• ricky nombres says:

    My dad reminded me I used to be a hug beggar in school. I have to find out how to get a free massage from a neighbor. Encounter groups were fun for free by a man in my hometown. He had 1-10 people visit his home and who know what would happen. Crazy really. He was a quadriplegic.

  • Robert says:

    I think giving gives you so much more in return. I also agree that saving a long time for one big thing can end up being disappointing in the end. Smaller things that will bring you joy can mean a lot.

  • Tyler S. says:

    To go along with #1, I think it’s import to put a little extra money into what you are going to spend large amounts of time with, whether it’s your hobby or your job. Also, giving money to worthwhile causes is definitely satisfying!

    People say money can’t buy happiness, but money can buy jet skis, and I’d like you see you not smile when you’re on a jet ski! 🙂

  • Jean says:

    Very good point about not needing to keep up with the joneses, as the saying goes. Sometimes when we see a neighbor or friend with a new object of desire, we are immediately tempted to get one for ourselves but we need to take a moment and think about whether we actually need it or would we just be acting on a temporary whim brought about by envy?


  • JOSEPH says:

    The problem with most people is their inability to realize that saving is not putting away huge sums of money. It starts with a little and grows as does your income. When I started working I joined a credit union with a small amount. When I got a raise, it was split, half into savings, the other to raise our lifestyle. I “never” reached the $75,000 yearly salary amount, best for me was maybe, $65,000 but i was an ant. Stop buying useless crap, iPads, iPhones, 55 inch tv’s, retro sneakers and the like. They don’t make you happy. Piece of mind does.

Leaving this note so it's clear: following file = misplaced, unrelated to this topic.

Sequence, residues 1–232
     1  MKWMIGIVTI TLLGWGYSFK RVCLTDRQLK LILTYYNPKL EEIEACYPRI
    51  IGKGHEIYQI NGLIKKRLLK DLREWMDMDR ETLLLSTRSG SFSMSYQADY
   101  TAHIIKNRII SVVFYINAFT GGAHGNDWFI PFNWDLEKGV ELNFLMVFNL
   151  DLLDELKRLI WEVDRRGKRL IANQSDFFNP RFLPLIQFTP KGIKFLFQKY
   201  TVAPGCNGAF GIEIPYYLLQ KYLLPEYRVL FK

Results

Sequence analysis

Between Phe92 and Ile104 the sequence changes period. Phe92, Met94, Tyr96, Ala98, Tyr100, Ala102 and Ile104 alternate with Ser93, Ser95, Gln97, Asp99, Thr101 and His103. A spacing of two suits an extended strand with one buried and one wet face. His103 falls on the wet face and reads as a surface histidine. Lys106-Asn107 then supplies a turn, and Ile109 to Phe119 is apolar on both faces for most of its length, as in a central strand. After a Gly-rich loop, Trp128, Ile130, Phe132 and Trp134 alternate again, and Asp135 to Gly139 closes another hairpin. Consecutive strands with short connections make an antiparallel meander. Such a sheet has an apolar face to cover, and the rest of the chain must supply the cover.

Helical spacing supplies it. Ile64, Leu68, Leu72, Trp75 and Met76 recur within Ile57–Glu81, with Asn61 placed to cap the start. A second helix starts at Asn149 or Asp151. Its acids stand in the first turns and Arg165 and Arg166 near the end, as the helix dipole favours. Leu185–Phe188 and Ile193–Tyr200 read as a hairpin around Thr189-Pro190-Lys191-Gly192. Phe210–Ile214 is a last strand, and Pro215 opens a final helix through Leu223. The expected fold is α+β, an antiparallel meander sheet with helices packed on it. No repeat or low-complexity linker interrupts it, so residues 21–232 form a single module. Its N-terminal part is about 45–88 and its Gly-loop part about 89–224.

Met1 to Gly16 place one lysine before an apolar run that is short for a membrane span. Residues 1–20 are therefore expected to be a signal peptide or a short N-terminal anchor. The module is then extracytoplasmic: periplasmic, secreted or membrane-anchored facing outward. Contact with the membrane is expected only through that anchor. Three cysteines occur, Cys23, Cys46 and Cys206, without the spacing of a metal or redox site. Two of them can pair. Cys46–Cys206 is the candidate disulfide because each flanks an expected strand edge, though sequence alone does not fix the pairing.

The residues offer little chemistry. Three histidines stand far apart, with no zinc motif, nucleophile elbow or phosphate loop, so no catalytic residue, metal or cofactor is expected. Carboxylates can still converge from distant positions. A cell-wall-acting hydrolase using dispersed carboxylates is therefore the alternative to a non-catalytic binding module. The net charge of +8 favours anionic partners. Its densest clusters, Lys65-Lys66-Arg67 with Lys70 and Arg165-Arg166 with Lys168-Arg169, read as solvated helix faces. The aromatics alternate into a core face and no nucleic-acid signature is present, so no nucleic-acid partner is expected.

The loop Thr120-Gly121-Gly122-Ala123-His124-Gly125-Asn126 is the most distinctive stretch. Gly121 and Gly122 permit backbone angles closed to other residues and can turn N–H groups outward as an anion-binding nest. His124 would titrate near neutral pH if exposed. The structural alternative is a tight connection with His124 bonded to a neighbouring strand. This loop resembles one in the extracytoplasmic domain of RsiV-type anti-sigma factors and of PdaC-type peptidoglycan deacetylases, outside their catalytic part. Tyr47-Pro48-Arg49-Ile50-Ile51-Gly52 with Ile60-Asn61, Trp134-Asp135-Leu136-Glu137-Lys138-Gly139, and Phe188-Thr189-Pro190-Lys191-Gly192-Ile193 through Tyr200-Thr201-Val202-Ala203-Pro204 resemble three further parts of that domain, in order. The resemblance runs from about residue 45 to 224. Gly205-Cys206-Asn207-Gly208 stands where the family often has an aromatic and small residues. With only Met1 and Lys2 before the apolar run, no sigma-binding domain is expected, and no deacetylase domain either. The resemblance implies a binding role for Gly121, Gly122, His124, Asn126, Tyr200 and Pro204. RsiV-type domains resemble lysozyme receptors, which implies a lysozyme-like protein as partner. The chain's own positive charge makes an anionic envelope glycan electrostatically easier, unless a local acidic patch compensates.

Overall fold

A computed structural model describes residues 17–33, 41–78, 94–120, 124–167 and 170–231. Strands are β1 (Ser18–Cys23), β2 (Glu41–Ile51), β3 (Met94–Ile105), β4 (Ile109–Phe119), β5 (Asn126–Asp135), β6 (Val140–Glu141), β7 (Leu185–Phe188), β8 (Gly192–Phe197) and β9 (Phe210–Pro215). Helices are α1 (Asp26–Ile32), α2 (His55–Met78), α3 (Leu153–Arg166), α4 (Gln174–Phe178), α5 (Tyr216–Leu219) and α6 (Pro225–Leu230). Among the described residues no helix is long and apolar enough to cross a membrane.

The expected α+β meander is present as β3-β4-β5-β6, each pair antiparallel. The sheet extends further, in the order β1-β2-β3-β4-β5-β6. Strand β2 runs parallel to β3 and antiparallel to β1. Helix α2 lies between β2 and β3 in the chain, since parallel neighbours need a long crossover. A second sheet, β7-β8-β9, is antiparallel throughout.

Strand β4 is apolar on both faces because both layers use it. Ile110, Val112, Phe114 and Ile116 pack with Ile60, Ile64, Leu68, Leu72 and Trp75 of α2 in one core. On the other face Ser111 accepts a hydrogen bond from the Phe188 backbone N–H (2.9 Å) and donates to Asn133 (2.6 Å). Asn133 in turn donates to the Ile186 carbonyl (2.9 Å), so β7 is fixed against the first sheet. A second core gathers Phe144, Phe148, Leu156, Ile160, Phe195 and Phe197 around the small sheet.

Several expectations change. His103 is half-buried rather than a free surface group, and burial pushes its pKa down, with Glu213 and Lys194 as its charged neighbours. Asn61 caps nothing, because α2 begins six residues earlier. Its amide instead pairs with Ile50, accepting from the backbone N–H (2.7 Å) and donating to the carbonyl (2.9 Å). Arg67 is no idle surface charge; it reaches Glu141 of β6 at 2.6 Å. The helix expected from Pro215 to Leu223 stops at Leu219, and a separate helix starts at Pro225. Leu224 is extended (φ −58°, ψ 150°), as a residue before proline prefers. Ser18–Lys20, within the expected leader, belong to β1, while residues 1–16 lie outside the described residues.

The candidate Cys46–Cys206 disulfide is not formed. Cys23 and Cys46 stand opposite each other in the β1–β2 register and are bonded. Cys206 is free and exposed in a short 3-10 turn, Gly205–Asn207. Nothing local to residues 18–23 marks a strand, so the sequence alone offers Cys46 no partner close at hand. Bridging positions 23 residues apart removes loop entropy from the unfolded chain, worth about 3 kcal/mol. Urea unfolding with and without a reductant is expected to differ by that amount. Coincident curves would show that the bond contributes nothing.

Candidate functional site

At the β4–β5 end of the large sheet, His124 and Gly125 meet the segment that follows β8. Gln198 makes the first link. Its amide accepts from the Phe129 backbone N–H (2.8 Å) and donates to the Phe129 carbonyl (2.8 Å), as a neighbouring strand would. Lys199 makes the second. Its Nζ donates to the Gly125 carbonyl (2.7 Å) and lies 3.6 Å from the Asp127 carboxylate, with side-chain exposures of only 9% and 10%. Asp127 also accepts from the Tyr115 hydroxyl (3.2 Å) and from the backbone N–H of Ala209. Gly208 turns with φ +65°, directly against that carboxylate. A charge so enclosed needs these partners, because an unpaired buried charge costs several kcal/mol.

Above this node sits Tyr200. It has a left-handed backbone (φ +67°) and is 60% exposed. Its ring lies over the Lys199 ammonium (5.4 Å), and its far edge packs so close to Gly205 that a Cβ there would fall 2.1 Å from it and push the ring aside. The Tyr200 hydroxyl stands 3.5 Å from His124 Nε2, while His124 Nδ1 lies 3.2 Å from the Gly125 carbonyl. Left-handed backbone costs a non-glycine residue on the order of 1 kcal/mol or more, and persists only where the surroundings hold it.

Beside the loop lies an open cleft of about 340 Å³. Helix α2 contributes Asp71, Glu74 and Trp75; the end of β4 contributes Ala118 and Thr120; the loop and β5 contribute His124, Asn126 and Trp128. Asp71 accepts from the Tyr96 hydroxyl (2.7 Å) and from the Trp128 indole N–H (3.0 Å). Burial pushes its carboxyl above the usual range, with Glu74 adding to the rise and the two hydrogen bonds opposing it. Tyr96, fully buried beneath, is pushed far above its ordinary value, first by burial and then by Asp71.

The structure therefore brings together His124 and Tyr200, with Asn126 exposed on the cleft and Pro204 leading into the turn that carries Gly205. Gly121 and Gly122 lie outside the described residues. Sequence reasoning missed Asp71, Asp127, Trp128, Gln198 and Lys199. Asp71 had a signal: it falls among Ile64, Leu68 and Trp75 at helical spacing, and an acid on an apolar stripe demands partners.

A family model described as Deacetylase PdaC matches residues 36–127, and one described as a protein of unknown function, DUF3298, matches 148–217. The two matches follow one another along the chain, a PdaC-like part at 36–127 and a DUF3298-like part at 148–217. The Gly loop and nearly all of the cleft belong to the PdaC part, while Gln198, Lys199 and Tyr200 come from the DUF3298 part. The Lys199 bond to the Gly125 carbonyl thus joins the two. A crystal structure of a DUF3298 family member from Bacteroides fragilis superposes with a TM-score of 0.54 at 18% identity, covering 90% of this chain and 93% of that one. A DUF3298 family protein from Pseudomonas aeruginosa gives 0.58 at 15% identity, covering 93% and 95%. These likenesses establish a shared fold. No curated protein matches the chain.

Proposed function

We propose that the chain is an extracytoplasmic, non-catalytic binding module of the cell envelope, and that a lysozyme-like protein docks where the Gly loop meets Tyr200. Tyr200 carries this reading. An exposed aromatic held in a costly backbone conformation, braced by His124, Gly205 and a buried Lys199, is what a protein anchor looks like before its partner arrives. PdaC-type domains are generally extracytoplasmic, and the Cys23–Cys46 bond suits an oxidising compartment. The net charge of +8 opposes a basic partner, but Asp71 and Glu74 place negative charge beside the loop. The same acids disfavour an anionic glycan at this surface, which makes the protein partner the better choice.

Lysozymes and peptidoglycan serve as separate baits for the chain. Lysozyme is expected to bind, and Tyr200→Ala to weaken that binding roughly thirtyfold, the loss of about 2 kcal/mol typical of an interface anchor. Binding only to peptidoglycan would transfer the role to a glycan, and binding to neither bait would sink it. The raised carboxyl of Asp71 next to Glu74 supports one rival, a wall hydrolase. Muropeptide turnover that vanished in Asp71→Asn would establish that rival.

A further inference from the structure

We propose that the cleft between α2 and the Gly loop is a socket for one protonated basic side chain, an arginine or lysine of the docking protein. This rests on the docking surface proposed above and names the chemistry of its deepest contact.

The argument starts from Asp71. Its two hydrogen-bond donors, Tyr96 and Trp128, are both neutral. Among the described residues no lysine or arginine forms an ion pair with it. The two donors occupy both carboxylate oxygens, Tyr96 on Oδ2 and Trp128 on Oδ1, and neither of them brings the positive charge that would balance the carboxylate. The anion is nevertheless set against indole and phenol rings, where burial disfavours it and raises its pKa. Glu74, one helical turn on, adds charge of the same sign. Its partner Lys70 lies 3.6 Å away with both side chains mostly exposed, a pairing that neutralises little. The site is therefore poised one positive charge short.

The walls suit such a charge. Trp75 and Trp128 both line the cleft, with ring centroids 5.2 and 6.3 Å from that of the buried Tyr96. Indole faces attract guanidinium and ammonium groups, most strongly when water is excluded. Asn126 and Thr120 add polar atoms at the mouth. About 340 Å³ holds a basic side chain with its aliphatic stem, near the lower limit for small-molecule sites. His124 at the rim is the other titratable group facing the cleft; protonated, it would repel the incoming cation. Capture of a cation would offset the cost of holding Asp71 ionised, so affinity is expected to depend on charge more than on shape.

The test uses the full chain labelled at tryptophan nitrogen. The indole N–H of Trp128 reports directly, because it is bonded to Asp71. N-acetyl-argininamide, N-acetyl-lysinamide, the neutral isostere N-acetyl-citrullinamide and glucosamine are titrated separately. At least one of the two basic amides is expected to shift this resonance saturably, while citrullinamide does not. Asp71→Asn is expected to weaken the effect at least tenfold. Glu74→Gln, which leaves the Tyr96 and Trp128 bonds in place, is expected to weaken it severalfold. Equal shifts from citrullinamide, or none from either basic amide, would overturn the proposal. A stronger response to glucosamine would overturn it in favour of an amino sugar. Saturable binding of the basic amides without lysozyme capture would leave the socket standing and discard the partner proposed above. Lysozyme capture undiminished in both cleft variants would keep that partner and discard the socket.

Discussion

• MoneyPerk says:

    Speaking with no experience in terms of buying it; Goals are something to be made when someone makes more money. They need to know what they will do with the money before they get it. So I think it is settled that it is possible that money can buy happiness, if used for the right purposes.

  • Maria@moneyprinciple says:

    I find the findings of this study rather dubious; someone said: ‘If you think that money can’t buy you happiness you don’t know where to go shopping’. Which brings me to this post: thank you. It perfectly expresses what I have been wondering about for some time. I am particularly keen on ‘spending on others’ and on ‘buying experience’ rather than stuff.

  • MLISunderstanding says:

    The thing is, until I get to that $75,000 mark, I’m going to feel like more money would improve my life! 😀

    If I were making that much more each year, I would be happier because I would feel more secure. I could pay cash for my grad school tuition (instead of taking federal loans and saving month-by-month to pay them back in full at the end of the interest-free period). My partner and I could move to an apartment without a housemate, and our down payment fund would grow more quickly. I could contribute more to retirement savings. Yes, in some ways that’s lifestyle inflation, but only to what I’d consider a comfortable level. Obviously I’m living on my current income just fine now (and saving or donating 50% in 2012), but the extra boost in security would make for a jump in well-being.